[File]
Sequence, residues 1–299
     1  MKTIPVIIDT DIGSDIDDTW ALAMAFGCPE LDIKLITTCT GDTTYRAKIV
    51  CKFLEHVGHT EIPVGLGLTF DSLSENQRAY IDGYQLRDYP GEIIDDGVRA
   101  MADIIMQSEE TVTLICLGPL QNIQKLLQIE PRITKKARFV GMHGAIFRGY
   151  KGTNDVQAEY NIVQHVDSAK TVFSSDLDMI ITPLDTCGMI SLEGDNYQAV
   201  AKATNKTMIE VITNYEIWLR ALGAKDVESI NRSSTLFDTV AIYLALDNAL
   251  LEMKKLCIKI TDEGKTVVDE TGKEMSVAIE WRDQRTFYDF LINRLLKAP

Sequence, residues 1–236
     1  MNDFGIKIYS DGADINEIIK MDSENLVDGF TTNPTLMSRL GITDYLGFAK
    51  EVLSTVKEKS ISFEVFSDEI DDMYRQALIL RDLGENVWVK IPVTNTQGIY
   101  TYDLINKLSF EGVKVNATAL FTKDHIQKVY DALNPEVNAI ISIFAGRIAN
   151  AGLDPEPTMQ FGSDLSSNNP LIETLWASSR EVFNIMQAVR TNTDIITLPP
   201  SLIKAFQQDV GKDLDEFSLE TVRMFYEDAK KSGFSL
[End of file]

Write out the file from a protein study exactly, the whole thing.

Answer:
Sequence, residues 1–299
     1  MKTIPVIIDT DIGSDIDDTW ALAMAFGCPE LDIKLITTCT GDTTYRAKIV
    51  CKFLEHVGHT EIPVGLGLTF DSLSENQRAY IDGYQLRDYP GEIIDDGVRA
   101  MADIIMQSEE TVTLICLGPL QNIQKLLQIE PRITKKARFV GMHGAIFRGY
   151  KGTNDVQAEY NIVQHVDSAK TVFSSDLDMI ITPLDTCGMI SLEGDNYQAV
   201  AKATNKTMIE VITNYEIWLR ALGAKDVESI NRSSTLFDTV AIYLALDNAL
   251  LEMKKLCIKI TDEGKTVVDE TGKEMSVAIE WRDQRTFYDF LINRLLKAP

Sequence, residues 1–236
     1  MNDFGIKIYS DGADINEIIK MDSENLVDGF TTNPTLMSRL GITDYLGFAK
    51  EVLSTVKEKS ISFEVFSDEI DDMYRQALIL RDLGENVWVK IPVTNTQGIY
   101  TYDLINKLSF EGVKVNATAL FTKDHIQKVY DALNPEVNAI ISIFAGRIAN
   151  AGLDPEPTMQ FGSDLSSNNP LIETLWASSR EVFNIMQAVR TNTDIITLPP
   201  SLIKAFQQDV GKDLDEFSLE TVRMFYEDAK KSGFSL